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How to watch NASA’s first spacewalk of 2024

NASA Live: Official Stream of NASA TV

UPDATE: The spacewalk was postponed due to a “spacesuit discomfort issue.” A new schedule has yet to be announced.

NASA is making final preparations for its first spacewalk of 2024, and you can watch the event live when it takes place on Thursday, June 13.

Astronauts Tracy C. Dyson and Matt Dominick will leave the confines of the International Space Station (ISS) via the Quest airlock and set to work on removing a faulty electronics box, known as a radio frequency group, from a communications antenna on the starboard truss of the orbital outpost.

The two astronauts will also spend some of their time collecting microorganisms from the exterior of the ISS for research that will help scientists gain a clearer understanding about how such microorganisms survive and reproduce on the exterior of the Earth-orbiting satellite.

This will be the fourth spacewalk for Dyson, while Dominick will be embarking on his first one. Both astronauts arrived at the ISS in March, Dyson on a Russian Soyuz spacecraft and Dominick on a SpaceX Crew Dragon as part of Crew-8.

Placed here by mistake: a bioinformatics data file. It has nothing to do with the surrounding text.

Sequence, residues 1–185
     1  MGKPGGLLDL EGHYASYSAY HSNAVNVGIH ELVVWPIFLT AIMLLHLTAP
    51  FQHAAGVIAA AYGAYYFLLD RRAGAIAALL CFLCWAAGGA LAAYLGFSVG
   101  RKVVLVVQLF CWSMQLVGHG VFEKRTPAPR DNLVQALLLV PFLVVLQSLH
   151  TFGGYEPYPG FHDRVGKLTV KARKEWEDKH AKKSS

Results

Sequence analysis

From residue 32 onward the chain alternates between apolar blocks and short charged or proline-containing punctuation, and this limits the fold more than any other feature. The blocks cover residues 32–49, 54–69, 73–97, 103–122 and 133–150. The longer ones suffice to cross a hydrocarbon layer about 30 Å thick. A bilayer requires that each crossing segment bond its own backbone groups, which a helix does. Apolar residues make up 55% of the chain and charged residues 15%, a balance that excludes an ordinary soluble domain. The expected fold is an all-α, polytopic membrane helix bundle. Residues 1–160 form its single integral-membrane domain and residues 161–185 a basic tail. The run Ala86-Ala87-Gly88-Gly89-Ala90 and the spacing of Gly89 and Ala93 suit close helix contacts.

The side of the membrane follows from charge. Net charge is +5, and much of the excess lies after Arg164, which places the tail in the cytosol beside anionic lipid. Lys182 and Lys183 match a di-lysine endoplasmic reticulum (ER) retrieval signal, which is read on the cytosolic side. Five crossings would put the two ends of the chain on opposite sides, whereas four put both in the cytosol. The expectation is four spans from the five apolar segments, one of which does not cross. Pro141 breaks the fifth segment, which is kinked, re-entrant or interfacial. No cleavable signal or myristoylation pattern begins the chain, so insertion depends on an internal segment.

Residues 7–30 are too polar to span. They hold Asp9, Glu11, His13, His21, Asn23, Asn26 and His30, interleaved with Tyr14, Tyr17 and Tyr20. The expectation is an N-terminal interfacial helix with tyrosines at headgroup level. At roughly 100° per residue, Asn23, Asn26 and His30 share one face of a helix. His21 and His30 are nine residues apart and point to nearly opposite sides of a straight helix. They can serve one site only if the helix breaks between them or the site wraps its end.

The last NASA spacewalk took place in November 2023, but including Thursday’s, there will be three taking place over the next three weeks, with the other two scheduled for June 24 and July 2. There’s been one other spacewalk at the station this year, in April, though that one was conducted by two cosmonauts and overseen by Roscosmos, Russia’s space agency.

How to watch

The coverage for Thursday’s spacewalk will start at 6:30 a.m. ET, while the walk itself will begin at about 8 a.m. ET.

Lasting around six-and-a-half hours, the entirety of the spacewalk will be streamed in real time on NASA+, NASA Television, the NASA app, NASA’s YouTube channel, and the agency’s website. You can also watch it via the player embedded at the top of this page.

Dyson can be identified by the red stripes on her suit, while Dominick’s suit will be unmarked.

Multiple cameras will track the astronauts during their time outside the ISS, and you’ll also be able to hear a live audio feed as the astronauts communicate with Mission Control back on Earth. Commentary by NASA will also be provided so that viewers can fully understand the various activities undertaken by the two astronauts.

Trevor Mogg
Contributing Editor
Not so many moons ago, Trevor moved from one tea-loving island nation that drives on the left (Britain) to another (Japan)…
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